Alberta town of Vermilion takes matters into its own hands to get high speed internet

Alberta town of Vermilion takes matters into its own hands to get high speed internet

The Internet has come a long way since the days when dial-up was the norm — but for many rural communities in Alberta, it doesn’t feel that way.

Rock Solid Nitrogen is located in Vermilion in eastern Alberta. The company relies on the Internet for almost everything, including maintaining trucks, updating equipment, training staff and, of course, administrative duties.

The problem: an unreliable Internet connection.

“We lose our internet functionality, where we’re located, probably on average four to five times a month,” said President Randy Martin.

“Time cost money in our industry.”

Martin said when the system goes down, it can take hours to get back up and running. He said many customers want real-time data from trucks pumping nitrogen, or a quick turnaround for quotes.

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“So that they can recover it from the manufacturer … that they work for and there are times when the system is down, we have to wait four, five to six days.”

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City of Vermilion CAO Kevin Lucas said the slow internet has affected many businesses.

“We had foreign businesses come to the town of Vermilion and see how they set up their business here, and we couldn’t provide them with the access to the Internet that they needed,” Lucas said.

“Being able to offer (1 Gbps) service to your home at a very affordable price is exactly what this community has been looking for.”

Vermilion does not qualify for federal or provincial government funding because some parts of town do have high speeds. So the town turned to Alberta Broadband Network, a start-up backed by Meridiam and Digital Infrastructure Group.

“The speeds are non-existent,” said Alberta Broadband Network CEO Ken Spaglingar. “A lot of these communities are running on copper-based, potentially a coax-based service, which can’t even come close to the services we provide and come faster.”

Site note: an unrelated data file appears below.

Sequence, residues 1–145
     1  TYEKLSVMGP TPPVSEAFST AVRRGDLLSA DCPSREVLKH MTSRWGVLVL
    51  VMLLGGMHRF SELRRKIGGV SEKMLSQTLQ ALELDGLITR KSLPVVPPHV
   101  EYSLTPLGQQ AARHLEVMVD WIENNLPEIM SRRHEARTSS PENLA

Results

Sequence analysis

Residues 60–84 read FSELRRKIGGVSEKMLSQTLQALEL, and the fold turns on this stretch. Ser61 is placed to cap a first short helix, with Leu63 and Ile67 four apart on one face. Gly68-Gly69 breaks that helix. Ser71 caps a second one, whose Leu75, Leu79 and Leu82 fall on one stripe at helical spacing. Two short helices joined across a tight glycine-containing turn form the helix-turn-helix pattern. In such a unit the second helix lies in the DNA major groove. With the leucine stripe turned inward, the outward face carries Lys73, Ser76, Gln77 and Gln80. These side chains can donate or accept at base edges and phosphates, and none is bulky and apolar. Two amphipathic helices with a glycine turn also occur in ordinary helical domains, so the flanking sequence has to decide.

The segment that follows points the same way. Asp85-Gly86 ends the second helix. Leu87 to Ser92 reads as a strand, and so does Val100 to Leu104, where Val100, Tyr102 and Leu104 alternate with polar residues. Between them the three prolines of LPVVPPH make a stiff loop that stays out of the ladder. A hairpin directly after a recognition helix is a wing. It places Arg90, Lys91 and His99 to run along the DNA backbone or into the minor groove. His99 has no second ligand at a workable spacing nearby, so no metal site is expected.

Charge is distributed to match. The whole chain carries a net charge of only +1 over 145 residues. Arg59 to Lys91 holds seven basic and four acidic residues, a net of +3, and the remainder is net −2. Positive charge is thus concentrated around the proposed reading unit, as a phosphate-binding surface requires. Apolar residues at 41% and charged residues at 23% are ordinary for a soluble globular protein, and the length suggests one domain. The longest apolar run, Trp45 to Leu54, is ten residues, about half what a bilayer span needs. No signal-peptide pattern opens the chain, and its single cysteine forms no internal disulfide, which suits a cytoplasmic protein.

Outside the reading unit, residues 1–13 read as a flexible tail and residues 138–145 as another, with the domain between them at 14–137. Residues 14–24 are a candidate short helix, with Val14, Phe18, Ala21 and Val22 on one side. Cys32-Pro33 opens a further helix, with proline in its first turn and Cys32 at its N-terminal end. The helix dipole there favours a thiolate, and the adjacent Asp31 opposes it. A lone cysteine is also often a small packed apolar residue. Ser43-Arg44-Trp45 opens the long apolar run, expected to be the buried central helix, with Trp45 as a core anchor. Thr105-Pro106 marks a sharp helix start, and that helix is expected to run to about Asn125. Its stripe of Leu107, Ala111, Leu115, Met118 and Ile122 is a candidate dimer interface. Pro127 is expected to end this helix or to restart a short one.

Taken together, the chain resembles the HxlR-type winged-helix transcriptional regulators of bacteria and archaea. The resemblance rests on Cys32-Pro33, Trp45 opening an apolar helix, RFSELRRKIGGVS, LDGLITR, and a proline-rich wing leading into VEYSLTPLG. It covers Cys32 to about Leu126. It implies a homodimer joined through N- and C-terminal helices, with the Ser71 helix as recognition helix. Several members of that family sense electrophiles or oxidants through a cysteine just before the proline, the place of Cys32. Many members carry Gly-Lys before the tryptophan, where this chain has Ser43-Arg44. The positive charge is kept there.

Spaglingar said Vermilion is the first community they have partnered with. He said there is not much urgency from the larger companies like Telus and Shaw to invest in smaller centers.

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“The ability to put together a small agile team to offer our services is much easier for us to do than a larger group to come in and navigate.”

Vermilion’s fiber optic cable network is already installed and in use.

“It’s a robust network that’s a very similar style that you’d see in an urban center — downtown Edmonton, downtown Calgary.

“What we do is we try to bridge the digital divide between the urban centers and the rural communities.”

The project cost between $10-15 million to build, and the town contributed $2.4 million.

“For economics that is now a game-changer, Vermillion has the Internet that big business is looking for,” Lucas said.

High speed internet is needed in many rural areas

Cybera is a research and education network that investigates the use of digital technology. Policy adviser Imran Mohiuddin said most cities have access to 50 megabytes per second for download and 10 megabytes per second for upload speed, which is the federal government’s benchmark for high-speed internet.

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“If you look at rural communities, it drops to about 40 per cent, and First Nation communities drop to less than 10 per cent,” he said.

“It’s generally the policeman of what we call the digital divide in Canada.”

Mohiuddin said the way the federal government maps connectivity in Canada to achieve access to their target speeds means there will be pockets in cases like Vermilion.